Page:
While Honiara is declared an emergency zone, on the fringe of its border, life continues as normal for Barana community.
Barana Nature and Heritage Park is the biggest conservation site on Guadalcanal.
Since its establishment in 2017, it has grown from strength to strength thanks to the support from community members who have a keen interest to see it grow.
A site attracting tourism activities, Barana previously lacks sanitation facilities to cater for the needs of its visitors.
The construction of sanitation blocks and resting areas are poised to bring a new look and feel to the Barana Nature and Heritage Park on Guadalcanal in the Solomon Islands.
The community-owned conservation site was established with support from the Secretariat of the Pacific Regional Environment Programme (SPREP) through its Pacific Ecosystem-based Adaptation to Climate Change (PEBACC) project.
A new partnership with the United Nations Development Programme, through its Small Grants Programme is supporting this further development of the park in line with the Park’s Management Plan.
The park, owned by the Barana Community, spans 5000 hectares of forest area in the upper catchment of Mataniko River. The river is one of the largest river catchments draining Honiara city.
Led by the community, sanitation blocks are being built throughout the park to cater for visitors’ needs. Leaf huts for leisure are also being built as part of the community’s plans for Barana.
“Hill 27, Davioqori view point, Saona (nursery) and Naruaniu are the sites at which we will build these facilities,” Park Manager, Melinda Ki’i said.
Ms. Ki’i said each site is being looked after by the communities in Barana area. She said men and boys are doing construction work while the women and girls will do the landscaping.
“At Saona where the nursery is, we are just waiting for the tank and door before this sanitation block is complete. The leaf huts are also progressing well here,” Ms. Ki’i said.
The advent of the sanitation facilities and leisure huts is expected to increase the park’s appeal to visitors.
“With the sanitation areas in place, families and visitors will have access to more areas for picnics or other family gatherings,” she said.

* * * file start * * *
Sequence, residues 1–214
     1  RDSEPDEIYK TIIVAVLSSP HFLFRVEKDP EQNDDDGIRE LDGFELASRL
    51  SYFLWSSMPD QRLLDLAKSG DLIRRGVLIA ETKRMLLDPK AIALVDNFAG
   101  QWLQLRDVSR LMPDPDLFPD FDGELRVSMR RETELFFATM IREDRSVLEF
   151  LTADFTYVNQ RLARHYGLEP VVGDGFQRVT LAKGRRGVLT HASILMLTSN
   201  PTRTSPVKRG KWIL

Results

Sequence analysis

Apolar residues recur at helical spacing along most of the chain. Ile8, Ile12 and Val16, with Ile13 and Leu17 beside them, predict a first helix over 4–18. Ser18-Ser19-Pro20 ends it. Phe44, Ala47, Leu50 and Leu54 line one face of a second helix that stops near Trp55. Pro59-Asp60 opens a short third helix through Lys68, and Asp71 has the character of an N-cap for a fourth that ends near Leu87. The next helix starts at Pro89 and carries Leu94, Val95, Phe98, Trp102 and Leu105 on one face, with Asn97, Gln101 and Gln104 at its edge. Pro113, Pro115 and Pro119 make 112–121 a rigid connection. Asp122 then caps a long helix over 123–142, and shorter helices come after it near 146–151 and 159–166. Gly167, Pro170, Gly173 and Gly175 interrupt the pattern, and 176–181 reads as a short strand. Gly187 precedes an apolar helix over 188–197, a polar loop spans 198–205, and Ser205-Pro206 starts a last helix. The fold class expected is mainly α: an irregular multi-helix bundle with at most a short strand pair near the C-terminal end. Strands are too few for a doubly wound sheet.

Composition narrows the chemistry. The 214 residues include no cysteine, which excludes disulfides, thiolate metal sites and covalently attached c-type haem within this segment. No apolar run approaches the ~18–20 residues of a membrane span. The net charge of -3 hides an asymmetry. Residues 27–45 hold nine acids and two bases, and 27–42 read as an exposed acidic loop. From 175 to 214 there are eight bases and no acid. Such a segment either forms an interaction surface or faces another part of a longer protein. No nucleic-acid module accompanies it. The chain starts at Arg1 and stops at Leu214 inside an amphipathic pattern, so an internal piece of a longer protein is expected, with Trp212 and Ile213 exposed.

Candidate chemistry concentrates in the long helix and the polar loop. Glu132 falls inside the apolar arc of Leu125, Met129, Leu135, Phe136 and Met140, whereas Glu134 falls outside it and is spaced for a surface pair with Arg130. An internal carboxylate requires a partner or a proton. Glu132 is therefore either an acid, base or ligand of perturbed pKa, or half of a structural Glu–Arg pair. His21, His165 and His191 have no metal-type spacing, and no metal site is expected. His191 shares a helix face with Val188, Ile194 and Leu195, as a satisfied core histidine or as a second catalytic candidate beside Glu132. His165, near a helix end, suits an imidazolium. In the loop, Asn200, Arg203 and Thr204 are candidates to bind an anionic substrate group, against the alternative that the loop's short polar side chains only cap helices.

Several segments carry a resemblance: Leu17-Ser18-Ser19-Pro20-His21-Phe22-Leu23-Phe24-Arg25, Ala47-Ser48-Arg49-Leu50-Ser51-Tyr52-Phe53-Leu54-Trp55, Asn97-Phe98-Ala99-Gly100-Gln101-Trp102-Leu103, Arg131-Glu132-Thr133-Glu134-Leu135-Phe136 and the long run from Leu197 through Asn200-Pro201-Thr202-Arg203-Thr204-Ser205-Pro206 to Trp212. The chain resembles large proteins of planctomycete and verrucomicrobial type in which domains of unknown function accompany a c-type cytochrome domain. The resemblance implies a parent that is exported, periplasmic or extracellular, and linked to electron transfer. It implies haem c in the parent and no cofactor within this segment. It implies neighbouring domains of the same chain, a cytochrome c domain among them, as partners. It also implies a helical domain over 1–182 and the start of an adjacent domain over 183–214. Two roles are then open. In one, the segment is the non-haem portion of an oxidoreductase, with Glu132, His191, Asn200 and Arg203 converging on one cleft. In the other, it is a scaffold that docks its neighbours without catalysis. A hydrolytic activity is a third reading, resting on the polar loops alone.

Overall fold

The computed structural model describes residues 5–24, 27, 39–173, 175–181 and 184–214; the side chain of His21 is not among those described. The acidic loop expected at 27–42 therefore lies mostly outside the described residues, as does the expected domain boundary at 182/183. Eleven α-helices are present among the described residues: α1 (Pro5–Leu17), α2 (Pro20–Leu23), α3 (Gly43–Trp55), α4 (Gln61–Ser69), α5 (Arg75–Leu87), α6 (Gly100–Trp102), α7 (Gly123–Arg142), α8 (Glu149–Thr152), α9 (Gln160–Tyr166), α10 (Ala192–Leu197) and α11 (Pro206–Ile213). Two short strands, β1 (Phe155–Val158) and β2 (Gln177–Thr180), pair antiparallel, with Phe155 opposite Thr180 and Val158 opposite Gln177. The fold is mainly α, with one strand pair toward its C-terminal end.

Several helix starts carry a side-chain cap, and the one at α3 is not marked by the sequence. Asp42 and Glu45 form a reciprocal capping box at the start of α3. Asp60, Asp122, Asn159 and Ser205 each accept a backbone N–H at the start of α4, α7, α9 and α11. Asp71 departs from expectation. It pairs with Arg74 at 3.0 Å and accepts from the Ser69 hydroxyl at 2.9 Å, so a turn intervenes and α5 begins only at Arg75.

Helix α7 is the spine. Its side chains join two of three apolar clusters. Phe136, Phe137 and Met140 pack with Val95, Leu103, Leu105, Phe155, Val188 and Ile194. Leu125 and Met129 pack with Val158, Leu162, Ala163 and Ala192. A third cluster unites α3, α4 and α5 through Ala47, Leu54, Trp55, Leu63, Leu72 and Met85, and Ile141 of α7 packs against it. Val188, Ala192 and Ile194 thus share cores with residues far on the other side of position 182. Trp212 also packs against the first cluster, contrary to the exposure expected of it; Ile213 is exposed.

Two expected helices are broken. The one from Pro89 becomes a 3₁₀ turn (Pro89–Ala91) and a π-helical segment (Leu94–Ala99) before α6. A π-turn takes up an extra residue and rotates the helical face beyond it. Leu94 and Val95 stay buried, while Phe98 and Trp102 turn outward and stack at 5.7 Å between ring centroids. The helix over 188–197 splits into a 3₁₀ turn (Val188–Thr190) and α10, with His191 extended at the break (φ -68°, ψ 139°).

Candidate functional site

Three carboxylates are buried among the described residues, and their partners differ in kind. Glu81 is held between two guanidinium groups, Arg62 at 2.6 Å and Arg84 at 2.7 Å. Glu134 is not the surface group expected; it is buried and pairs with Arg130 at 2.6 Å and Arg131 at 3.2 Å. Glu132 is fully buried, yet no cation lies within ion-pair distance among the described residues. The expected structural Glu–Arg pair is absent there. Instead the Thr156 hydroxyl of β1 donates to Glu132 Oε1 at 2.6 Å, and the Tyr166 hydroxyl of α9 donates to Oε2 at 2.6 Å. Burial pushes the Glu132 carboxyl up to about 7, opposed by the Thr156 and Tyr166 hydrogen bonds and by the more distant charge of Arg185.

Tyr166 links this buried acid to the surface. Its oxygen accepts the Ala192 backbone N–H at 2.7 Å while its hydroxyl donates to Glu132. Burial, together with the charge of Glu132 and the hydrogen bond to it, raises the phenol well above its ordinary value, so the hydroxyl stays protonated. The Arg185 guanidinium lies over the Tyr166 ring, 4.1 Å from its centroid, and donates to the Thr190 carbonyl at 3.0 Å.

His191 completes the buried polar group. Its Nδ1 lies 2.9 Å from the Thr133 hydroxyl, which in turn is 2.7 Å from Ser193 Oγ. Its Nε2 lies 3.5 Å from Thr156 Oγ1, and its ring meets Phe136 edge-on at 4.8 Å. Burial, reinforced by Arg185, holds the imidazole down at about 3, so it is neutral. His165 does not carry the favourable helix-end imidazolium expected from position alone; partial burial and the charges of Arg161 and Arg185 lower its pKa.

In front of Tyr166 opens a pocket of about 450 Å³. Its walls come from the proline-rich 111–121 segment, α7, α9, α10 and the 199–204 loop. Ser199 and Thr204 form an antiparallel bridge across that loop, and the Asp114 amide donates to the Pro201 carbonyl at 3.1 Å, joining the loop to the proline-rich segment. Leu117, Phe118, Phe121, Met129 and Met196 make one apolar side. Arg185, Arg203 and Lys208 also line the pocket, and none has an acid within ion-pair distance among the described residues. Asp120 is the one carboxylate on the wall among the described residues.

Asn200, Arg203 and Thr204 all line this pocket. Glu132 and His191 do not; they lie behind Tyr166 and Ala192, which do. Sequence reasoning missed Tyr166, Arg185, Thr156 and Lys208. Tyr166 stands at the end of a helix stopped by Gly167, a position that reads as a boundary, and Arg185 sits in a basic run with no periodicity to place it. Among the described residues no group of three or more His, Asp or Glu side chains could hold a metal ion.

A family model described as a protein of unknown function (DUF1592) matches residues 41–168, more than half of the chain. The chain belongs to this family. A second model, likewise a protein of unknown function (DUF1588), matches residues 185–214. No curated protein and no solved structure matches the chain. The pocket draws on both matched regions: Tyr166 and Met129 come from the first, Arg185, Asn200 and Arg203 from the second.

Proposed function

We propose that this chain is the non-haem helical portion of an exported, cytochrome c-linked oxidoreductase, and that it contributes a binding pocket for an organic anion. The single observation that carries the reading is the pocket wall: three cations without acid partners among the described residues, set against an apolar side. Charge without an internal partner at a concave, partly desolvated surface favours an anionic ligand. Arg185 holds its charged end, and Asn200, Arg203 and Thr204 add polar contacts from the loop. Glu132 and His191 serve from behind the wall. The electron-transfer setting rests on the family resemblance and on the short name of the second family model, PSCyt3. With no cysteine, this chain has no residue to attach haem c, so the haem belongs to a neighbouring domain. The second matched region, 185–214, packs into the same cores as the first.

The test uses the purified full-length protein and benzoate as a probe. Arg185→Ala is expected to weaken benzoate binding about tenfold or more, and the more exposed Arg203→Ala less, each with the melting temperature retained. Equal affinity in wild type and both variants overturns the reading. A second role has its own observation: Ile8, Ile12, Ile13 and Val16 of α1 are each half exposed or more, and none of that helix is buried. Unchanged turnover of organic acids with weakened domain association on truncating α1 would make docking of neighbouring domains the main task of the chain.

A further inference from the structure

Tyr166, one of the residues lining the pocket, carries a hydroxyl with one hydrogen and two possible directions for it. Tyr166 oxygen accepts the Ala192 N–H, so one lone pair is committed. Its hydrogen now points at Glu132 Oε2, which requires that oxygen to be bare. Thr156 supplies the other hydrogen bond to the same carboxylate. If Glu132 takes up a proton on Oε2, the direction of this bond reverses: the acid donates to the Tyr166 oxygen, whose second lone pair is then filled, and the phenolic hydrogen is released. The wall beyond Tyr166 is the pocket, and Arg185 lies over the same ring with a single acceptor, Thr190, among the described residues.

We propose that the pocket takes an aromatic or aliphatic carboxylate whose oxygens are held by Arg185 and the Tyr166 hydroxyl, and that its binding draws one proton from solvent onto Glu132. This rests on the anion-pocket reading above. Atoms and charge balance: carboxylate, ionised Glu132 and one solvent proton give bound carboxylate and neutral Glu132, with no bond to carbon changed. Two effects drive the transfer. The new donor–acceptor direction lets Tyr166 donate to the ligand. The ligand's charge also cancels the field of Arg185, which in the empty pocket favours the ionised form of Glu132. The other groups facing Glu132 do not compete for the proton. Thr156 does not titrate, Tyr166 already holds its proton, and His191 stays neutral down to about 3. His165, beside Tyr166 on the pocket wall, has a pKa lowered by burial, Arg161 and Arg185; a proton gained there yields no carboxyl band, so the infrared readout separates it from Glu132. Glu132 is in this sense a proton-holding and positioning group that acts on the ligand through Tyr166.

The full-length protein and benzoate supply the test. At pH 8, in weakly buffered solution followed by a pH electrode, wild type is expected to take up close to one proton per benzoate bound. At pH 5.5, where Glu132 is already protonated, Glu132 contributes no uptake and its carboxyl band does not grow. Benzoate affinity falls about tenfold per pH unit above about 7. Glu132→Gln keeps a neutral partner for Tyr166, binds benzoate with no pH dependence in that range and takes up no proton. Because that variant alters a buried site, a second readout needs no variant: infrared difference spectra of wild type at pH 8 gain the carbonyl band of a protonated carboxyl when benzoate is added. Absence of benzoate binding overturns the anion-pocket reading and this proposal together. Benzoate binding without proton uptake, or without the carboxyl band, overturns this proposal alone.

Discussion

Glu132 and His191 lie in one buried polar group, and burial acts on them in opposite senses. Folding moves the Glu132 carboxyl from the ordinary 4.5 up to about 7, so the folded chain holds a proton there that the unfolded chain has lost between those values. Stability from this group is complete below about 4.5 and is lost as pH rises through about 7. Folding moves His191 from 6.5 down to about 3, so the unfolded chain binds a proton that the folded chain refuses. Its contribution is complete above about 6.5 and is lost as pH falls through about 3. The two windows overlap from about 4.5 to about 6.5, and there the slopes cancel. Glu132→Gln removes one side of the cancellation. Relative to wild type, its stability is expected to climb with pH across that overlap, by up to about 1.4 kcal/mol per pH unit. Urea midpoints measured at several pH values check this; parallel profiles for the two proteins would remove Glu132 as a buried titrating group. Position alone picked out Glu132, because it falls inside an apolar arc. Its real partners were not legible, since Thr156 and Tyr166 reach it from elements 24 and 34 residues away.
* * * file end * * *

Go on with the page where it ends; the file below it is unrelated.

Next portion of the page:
“When visitors come to visit the park, whichever site they visit, they will have access to proper water and sanitation.”
She said fees are charged at the gate for people wishing to visit the park.
“This will help the community in much needed revenue to maintain the park,” Ms Ki’i said.
The Barana Nature and Heritage Park was selected under the SPREP PEBACC project to demonstrate the use of ecosystem based adaptation (EbA) in building community resilience to climate change following a comprehensive and participatory ecosystem and socio-economic resilience analysis and mapping (ESRAM) study carried out in Honiara.
Solomon Islands PEBACC Project Manager, Fred Patison, explains that the aim of the PEBACC project was to support the community with watershed management.
“The park, managed well, will play a key role in this and could serve as a model for how communities can benefit in perpetuity from their natural environment without destroying it,” he says.
“By keeping the forest intact, the people of Barana are looking after their natural wealth and providing a gift to all the people of the Solomon Islands”.
The Nature and Heritage Park boasts an Environment and Resilience Resource Centre which serves as a platform for Toktok or Talanoa – a place to share ideas and make decisions for the collective good of the community.
With support from the Solomon Islands Government Climate Change Division, the resource centre has been fully equipped with solar power.
The park is managed by a committee within the community.
Development of the park started in 2017 through a partnership between the Ministry of Environment, Climate Change, Disaster Management (MECCDM); Ministry of Forestry; Guadalcanal Provincial Government; the Barana community; and SPREP PEBACC Project.